The choice of material and the design of the drawer bottom depend on the style of drawer you are building, whether it’s a quick-and-dirty shop drawer or a drawer for an 18th-century secretary.
Both solid wood and plywood are commonly used for drawer bottoms. Solid wood is the traditional choice, and aesthetically, it’s hard to beat. But you must allow solid wood to expand and contract with changes in humidity so that it doesn’t cause the drawer to bind in its opening.
Plywood is a much more stable choice for a drawer bottom because it does not expand and contract with humidity changes as much as solid wood. Although reproduction builders and a few purists resist plywood bottoms, it’s easy to argue their superiority. A plywood bottom can be housed completely in grooves in the sides, back, and front, and glued in place to strengthen the drawer box. Or it can be slid in from the rear and screwed to the drawer back, or even glued and nailed to the bottom of a drawer box with a false front.

Integral-front drawers

A traditional drawer is built with the front joined directly to the sides. This is the most lightweight and attractive design overall. Aim for drawer sides that are half to one-third the thickness of the front. Once the drawer has been assembled, the sides often must be planed or sanded carefully so the drawer fits in the opening. In most of these examples, the joinery is hidden from the front for a clean look.

PINNED RABBET – The rabbet is easy to make, but it’s not very strong. It should be reinforced with some kind of fastener, such as recessed screws, cut copper nails, or wooden dowels or pegs, which offer a clean, handmade look. With this style of construction, the back of the drawer usually is set into simple dadoes in the drawer sides.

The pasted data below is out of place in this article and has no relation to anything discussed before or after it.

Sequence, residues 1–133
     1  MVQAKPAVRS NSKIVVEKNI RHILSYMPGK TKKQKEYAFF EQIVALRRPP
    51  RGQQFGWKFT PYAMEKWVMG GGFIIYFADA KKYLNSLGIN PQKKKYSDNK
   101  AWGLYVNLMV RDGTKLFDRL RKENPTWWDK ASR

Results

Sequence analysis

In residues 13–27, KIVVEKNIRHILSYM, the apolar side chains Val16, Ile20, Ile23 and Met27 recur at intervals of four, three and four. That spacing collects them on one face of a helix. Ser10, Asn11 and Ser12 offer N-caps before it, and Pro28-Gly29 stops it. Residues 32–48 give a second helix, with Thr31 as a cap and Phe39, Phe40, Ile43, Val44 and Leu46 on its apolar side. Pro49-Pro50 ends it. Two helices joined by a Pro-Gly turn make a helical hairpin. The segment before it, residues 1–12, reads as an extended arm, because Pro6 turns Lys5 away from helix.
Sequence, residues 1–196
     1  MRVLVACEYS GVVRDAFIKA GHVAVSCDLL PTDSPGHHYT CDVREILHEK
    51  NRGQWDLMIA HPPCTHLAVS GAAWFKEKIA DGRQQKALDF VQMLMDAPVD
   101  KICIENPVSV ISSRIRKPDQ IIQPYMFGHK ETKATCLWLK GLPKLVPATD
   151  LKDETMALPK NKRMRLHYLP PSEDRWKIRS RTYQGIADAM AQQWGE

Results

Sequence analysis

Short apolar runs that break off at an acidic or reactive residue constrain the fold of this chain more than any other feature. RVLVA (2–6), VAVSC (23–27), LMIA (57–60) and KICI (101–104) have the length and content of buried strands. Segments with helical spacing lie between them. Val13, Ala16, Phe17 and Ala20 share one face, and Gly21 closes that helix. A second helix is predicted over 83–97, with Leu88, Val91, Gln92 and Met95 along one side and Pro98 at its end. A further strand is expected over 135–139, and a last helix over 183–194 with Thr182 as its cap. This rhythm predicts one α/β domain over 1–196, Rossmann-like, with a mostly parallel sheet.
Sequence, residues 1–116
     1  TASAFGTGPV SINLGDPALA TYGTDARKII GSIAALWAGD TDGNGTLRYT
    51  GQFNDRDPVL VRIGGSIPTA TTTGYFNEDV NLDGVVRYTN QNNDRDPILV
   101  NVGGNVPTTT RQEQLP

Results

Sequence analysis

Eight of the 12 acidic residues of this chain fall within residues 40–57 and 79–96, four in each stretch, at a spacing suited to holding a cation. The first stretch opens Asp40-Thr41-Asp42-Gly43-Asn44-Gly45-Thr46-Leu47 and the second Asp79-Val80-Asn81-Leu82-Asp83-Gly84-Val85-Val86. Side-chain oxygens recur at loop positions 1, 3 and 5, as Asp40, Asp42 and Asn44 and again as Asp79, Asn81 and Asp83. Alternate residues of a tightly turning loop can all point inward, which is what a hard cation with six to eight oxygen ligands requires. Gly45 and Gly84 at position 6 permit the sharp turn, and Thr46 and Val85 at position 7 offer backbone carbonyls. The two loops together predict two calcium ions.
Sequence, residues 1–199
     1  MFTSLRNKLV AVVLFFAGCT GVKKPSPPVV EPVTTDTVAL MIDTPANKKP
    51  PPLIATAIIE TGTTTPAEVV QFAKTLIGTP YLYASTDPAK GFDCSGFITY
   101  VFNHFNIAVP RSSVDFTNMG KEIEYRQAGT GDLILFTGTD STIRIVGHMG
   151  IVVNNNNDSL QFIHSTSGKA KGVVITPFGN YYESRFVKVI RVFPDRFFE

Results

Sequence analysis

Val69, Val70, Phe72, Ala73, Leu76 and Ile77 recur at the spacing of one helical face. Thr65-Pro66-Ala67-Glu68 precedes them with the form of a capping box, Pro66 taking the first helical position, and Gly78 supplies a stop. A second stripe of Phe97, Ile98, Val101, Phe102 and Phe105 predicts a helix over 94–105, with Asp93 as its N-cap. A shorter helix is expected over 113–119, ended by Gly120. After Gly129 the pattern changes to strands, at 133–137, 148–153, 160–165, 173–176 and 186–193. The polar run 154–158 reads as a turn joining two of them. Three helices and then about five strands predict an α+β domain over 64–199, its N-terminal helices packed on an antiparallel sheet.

TONGUE AND RABBET – Although it takes a few more tool setups, a half-blind tongue and rabbet adds built-in mechanical strength (beyond glue alone) to the joint. Dado or dadoed rabbet joints are suitable options for the back of the drawer.

DOVETAILED RABBET – A dovetailed rabbet is stronger and more attractive than a simple rabbet joint. This type of corner joint also should be reinforced with pegs, brads, or some kind of mechanical fastener. The rear joints can be rabbeted dadoes (right) or sliding dovetail joints.

AT THE BACK – REAR JOINT FOR RABBETED DRAWERS. A rabbeted dado is an easy and effective means of attaching the back to the sides, plus it helps keep the drawer square. Leaving the sides long at the back allows the drawer to be pulled out farther, providing better access.

BOX JOINT – The box joint is the beefier, more handsome cousin of the finger joint (see p. 48), and it’s quite comfortable at the front of a piece of furniture. The design seen here, reminiscent of Greene-and-Greene construction, features wide fingers with rounded corners. Square, pillowed pegs reinforce the joint and add visual interest. If you’re using box joints at the front of a drawer, it’s efficient to use them at the back, too, though the fingers should not protrude.

SLIDING DOVETAIL – The sliding dovetail has built-in mechanical strength to keep it together. It offers a quick, strong joinery option, but requires the drawer front to overhang the sides a bit. So it usually is used either on drawers designed with overlay fronts or on flush drawers that ride on mechanical slides or are fitted between wood guides in the case.

AT THE BACK – REAR JOINT FOR SLIDING-DOVETAIL DRAWERS. If you’re using sliding dovetails to join the front of the drawer, it’s efficient to use the same joints to attach the back. Leaving the sides long at the back will give you access to the full depth of the drawer when it’s open.

HALF-BLIND DOVETAIL – Many regard the half-blind version as the king of dovetail joints because of its attractiveness and superior strength. To highlight the craftsmanship, many furniture makers use contrasting woods on the front and sides. Through-dovetails are easier to cut than half-blinds, so the former are the usual choice for the rear corners.

LIPPED HALF-BLIND DOVETAIL – For overlay drawers with excellent strength, use lipped half-blind dovetails. With this joint, the front is rabbeted and joined to the sides with dovetails. Again, through-dovetails are a good option for the rear-corner joints.